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The Weepers (Las Plañideras), Mantilla series, 2012,  ink print on fabric (sublimation)

Antonio Briceño  ( Caracas, Venezuela) 

From the Photographer:  “There is a sea made up of unfathomable waters: the sea of emotions. It is host to converging torrents, attacks, rages and intensities, which seem to be contained by the over-estimated dam of    reason. However, behind the concrete bounds of our logical life, lies an ocean that is endlessly swelling.

These waters free themselves via many different escape routes. The liberation that crying provides is much more than a form of therapy; in essence, it is a connection, an unequivocal expression    of a powerful emotion. In this sense, professional weepers have been the quintessential officiants of the merciful ritual of crying.

Nonetheless, the act of crying has been persecuted to such an extent that the very idea of a professional weeper is, in the best of cases, a cause of discomfort today. Since the beginning of    humankind up until a few decades ago, all over the world these priestesses played their liberating, cathartic role. Their tears, which were sometimes collected in lachrymatories, were then buried    next to the deceased as proof of the sadness left in his or her wake.

Now the crying has stopped and the weepers and lachrymatories have been forgotten, we have been left dry in a desert of self-inflicted exile, disconnected from our internal and external waters.    We are anesthetized in an oasis that is nothing but a mirage, pursuing headlong towards evasion, pleasure, speed and power. Our emotions are imprisoned, condemned to be ignored and never to    manifest themselves. There is no faucet for them.

However, in the remote desert of Sechura, in Peru, unquenched by water for a long time now, there are still some professional weepers along with the last tears. Although they do exist, there are    not many of them and certainly not enough for all our tragedies, our silent pain, our hurt and losses. There are not enough tears for the world’s pain, for our pain.

Yet, they continue to exist and if during the dark night of the soul you hear their sobbing, do not ask the weepers for whom they weep. You will know they weep for you.“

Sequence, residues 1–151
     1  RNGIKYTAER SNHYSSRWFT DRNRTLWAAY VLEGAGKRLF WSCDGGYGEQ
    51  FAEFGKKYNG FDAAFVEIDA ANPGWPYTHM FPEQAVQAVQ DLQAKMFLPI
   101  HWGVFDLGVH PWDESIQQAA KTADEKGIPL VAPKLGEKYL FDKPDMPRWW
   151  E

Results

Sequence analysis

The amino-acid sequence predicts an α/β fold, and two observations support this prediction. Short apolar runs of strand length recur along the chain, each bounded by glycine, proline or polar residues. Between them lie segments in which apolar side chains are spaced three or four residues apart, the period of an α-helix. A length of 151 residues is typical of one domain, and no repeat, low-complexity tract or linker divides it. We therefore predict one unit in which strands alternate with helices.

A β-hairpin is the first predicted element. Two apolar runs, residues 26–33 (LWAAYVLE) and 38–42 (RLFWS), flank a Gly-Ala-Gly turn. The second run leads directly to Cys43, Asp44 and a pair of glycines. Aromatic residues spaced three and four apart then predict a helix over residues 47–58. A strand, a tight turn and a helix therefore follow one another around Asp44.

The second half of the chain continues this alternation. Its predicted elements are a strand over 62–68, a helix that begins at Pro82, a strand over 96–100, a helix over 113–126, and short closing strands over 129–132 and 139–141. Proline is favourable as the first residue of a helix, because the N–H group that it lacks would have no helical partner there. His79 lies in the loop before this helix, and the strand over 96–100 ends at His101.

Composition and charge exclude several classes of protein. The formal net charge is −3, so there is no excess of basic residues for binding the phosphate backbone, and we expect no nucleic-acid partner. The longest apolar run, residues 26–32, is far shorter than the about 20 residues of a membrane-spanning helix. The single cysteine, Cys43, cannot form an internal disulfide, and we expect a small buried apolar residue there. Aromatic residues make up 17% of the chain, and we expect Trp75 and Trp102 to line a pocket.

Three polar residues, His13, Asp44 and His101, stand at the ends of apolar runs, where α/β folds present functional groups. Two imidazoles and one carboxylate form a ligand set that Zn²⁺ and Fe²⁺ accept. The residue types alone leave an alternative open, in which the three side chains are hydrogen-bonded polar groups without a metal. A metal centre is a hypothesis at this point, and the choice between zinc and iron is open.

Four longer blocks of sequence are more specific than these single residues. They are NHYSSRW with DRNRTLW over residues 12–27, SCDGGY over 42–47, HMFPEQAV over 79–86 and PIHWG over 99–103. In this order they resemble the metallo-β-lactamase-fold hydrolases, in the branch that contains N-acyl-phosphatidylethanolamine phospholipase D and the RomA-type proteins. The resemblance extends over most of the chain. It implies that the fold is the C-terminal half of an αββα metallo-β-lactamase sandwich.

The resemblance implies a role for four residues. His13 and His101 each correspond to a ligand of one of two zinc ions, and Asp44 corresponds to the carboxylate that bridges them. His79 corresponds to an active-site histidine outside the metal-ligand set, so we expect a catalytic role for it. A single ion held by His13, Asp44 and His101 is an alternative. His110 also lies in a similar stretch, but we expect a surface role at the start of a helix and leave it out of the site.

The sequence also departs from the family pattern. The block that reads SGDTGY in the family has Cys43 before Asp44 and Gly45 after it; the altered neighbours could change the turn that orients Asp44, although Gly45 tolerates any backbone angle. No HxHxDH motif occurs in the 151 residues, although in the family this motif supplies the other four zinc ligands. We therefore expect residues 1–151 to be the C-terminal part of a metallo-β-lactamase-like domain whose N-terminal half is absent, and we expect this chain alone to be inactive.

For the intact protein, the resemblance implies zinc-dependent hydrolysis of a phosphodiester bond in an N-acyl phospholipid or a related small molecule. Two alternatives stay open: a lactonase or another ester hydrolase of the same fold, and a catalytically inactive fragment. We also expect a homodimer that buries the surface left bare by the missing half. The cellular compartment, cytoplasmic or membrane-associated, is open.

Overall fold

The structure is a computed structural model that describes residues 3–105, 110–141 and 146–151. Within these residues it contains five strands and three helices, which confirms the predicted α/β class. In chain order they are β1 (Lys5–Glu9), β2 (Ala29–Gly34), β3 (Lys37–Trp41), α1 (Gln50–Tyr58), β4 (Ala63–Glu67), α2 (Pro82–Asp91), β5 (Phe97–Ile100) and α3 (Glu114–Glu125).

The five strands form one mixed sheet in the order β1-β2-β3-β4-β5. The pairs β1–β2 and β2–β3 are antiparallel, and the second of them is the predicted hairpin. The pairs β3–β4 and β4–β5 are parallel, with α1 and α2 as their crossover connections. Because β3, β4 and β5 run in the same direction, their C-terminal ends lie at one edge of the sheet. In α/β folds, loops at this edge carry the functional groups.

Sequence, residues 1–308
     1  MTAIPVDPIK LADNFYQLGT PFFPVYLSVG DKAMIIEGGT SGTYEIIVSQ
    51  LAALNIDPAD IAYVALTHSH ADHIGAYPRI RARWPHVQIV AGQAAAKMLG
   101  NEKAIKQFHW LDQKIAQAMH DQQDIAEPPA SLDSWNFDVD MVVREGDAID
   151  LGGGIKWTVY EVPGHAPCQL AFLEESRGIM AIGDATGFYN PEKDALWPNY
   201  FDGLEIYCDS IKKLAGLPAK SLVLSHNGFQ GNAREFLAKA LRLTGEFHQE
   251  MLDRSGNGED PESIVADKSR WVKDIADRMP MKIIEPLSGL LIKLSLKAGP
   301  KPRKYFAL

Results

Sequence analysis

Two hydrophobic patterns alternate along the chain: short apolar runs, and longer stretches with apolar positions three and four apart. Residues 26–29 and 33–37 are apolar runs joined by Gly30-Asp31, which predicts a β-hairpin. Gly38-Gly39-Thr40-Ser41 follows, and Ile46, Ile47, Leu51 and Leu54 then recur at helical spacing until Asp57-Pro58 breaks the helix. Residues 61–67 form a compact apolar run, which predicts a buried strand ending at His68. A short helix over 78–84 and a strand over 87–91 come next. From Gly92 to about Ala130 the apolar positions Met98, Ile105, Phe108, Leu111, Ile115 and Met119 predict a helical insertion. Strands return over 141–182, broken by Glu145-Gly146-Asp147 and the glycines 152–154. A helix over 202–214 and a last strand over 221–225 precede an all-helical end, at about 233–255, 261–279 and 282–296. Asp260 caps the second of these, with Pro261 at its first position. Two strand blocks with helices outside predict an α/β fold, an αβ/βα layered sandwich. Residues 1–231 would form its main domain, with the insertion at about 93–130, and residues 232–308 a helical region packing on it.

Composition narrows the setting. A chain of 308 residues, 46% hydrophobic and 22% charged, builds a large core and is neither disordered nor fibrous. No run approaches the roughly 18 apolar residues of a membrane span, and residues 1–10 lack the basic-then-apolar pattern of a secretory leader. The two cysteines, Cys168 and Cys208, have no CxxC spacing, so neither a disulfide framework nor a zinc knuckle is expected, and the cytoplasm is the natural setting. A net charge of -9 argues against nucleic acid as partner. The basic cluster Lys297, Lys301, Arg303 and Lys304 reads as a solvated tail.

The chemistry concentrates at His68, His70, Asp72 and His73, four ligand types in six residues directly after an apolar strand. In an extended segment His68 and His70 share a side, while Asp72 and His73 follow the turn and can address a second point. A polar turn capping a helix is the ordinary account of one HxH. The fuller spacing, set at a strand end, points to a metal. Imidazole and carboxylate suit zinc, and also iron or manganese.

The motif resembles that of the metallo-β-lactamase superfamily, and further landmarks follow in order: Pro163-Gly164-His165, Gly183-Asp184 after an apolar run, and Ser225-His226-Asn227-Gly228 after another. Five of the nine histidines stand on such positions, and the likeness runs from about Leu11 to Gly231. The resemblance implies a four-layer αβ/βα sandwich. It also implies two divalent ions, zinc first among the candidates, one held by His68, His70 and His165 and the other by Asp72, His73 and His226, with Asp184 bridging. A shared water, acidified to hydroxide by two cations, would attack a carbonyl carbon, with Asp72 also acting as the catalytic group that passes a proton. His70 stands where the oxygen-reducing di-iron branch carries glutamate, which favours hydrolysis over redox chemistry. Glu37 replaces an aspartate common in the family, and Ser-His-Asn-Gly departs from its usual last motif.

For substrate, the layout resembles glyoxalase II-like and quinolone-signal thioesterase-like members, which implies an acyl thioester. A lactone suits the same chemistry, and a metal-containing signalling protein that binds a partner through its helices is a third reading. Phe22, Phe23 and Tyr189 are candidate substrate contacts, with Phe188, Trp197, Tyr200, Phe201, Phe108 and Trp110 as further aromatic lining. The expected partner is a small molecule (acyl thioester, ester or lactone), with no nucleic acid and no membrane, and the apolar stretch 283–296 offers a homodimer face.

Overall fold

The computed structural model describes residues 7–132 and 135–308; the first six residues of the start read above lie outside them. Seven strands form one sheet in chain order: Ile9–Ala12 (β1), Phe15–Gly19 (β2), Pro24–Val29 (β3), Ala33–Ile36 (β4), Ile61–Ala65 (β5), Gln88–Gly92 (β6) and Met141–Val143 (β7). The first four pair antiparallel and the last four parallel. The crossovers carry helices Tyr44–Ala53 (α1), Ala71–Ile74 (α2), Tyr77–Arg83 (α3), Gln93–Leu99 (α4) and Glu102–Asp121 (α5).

Antonio Briceño

Description from Celeste prize -  From the cathalogue of the exhibition, part of the text by the Curator Tomás Rodríguez:  "Professional wailers always played a vital role in relation to emotional blockages. These women, who are normally hired, are not only a vehicle to heighten the pain of grief and the ritual staging of the importance of the deceased, but also to channel relatives’ pain. Their sobbing encourages others to let their pain out by providing them with a mirror in which to see themselves. 

Contrary to what some might imagine, the wailers do not fake pain, nor do they con people with crocodile tears. Their role is closer to that of tragic actors from Ancient Greece, when tragedy was a ritual representation to pay tribute to Dionysus, who was an important god for women. Dionysus was linked to the idea of resurrection and sacred madness. In a sense, the wailers’ violent staging of pain and weeping fits with what Aristotle identified as the key elements of tragedy: mimesis (imitation) and catharsis (purification). Their empathy works as a genuine incarnation of Pathos (emotion) that they experience as their own pain, thus affecting mourners in a real sense and stimulating their grief. These women, who invariably wear black mantillas (the works magnify them on long and tremulous black shrouds), dramatize loss, turn it into something transcendental, cut through time and reveal the unalterable change that has occurred in our lives. ” via: celesteprize.com

Images via: Celesteprize and Photo Berlin

More about Antonio Briceño   Here and Here

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